Ms. Pesses testified that she believes both parents have contributed to the parenting conflict. She believes that Kelly goes to extremes when he is angry by speaking to the children about parenting conflicts, the court proceedings, and what he thinks about Deborah's requests, which in turn causes more conflict. Ms. Pesses indicated that the children are put in the middle which pressures them and can cause them to feel less secure and worry. She testified that this can contribute to Christian's acting out at school, though many factors could be involved.

Ms. Pesses opined that the present custody situation was “miserable to everybody” and that they were “stuck” and unable to move forward with the children's needs. She stated that Kelly puts his needs before the children's and he is unable to control his anger and jealousy, which prevents rational solutions to co-parenting dilemmas and serves as a dangerous model for the children, especially Christian. While Ms. Pesses testified that neither party wants to hurt the children,  she believes that joint custody with Deborah as the domiciliary parent is in the best interest of the children.

Lynette Duhe, who was accepted as an expert in psychology and counseling, testified that she provided counseling to Christian in 2012 and again in 2014. She testified that she did not think the shared custody arrangement was negatively impacting Christian and that limiting time with Kelly could negatively impact Christian. However, she also noted that she had to speak with the parties about the amount of tension between them and how it was affecting Christian. Ms. Duhe believes that Kelly minimizes Christian's behavioral problems, and she thinks Deborah needs to revise her fears about Christian being disturbed or it could become a self-fulfilling prophecy.

Alicia Pellegrin, an expert in psychology and child custody evaluations, performed psychological evaluations of the children. Dr. Pellegrin testified that Deborah and Kelly are polarized in how they view the children, the situation, and each other's parenting skills. She testified that Jaden is well-adjusted and “happy go lucky.” However, she found Christian to be socially and emotionally immature, with anger issues and without good coping skills. She believes Christian does not know how to express his anger appropriately, resulting in the trouble he has had at school. However, she stated that it is hard to know the severity of his issues, because the parents provide completely different narratives. Deborah thinks Christian has serious problems, whereas Kelly thinks he is emotional and high energy, but within normal limits. Dr. Pellegrin recommended therapy for Christian and that Kelly and Deborah work on their relationship, stating that she believes “at least some of what was going on with Christian and contributing to his acting out was the animosity between his parents and the very different ways that he is viewed by mom and by dad.”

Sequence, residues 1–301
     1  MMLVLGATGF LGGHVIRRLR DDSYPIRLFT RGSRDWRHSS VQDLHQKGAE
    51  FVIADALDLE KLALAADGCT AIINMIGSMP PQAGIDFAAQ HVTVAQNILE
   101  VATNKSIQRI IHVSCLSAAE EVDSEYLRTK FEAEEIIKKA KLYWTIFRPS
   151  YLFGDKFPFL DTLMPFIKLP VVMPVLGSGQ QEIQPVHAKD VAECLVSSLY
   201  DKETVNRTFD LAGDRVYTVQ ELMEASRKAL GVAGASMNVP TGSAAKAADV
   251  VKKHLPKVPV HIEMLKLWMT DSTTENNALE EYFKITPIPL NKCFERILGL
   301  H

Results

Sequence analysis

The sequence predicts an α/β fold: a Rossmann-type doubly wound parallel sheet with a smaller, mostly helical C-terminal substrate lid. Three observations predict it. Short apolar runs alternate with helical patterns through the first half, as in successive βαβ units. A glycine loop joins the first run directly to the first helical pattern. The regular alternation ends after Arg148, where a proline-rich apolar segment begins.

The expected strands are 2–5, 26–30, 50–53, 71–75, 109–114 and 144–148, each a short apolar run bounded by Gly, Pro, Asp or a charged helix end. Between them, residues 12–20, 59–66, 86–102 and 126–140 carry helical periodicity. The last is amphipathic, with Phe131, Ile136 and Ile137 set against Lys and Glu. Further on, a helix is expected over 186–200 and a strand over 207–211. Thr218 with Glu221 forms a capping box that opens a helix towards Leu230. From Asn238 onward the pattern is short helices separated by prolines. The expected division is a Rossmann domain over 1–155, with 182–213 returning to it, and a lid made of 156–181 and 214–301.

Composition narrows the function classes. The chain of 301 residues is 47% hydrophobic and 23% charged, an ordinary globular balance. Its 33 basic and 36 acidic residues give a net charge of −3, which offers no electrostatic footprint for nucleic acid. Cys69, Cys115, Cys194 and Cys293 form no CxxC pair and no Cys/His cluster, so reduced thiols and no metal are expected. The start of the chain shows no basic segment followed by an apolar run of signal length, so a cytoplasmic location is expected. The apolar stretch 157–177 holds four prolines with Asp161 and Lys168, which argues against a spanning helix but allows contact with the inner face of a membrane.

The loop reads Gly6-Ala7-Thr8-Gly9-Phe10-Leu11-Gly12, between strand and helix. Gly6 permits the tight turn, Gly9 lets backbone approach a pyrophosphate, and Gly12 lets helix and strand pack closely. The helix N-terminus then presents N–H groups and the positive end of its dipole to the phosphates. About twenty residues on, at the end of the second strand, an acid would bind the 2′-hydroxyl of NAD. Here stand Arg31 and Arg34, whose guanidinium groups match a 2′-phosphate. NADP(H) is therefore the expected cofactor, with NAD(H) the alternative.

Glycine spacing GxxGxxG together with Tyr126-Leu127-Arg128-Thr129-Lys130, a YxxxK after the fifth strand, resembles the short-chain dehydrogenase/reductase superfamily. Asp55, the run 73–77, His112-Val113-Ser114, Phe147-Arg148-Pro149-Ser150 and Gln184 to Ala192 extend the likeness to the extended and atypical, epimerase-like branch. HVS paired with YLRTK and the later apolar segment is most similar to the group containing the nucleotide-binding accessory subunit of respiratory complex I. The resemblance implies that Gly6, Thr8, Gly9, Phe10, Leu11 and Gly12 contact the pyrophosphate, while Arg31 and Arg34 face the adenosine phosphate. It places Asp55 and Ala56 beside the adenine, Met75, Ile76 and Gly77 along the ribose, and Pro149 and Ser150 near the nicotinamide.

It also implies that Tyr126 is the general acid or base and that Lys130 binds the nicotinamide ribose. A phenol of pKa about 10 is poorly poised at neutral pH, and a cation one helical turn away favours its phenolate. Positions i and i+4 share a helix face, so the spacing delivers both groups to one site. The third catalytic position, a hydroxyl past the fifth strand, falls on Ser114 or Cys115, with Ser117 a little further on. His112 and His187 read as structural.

Dr. Alan Klein, an expert in psychology, testified that he conducted a psychological evaluation of Kelly. He believes that Kelly has anger management problems and a problem with figures of authority. He did not find anything that he believes would compromise Kelly's ability to parent when the children are in his care, but he stated that it is another issue when dealing with Deborah. Dr. Klein testified that the parties have a vitriolic and contentious co-parenting relationship, and he believes the dynamics of their relationship affect their ability to co-parent.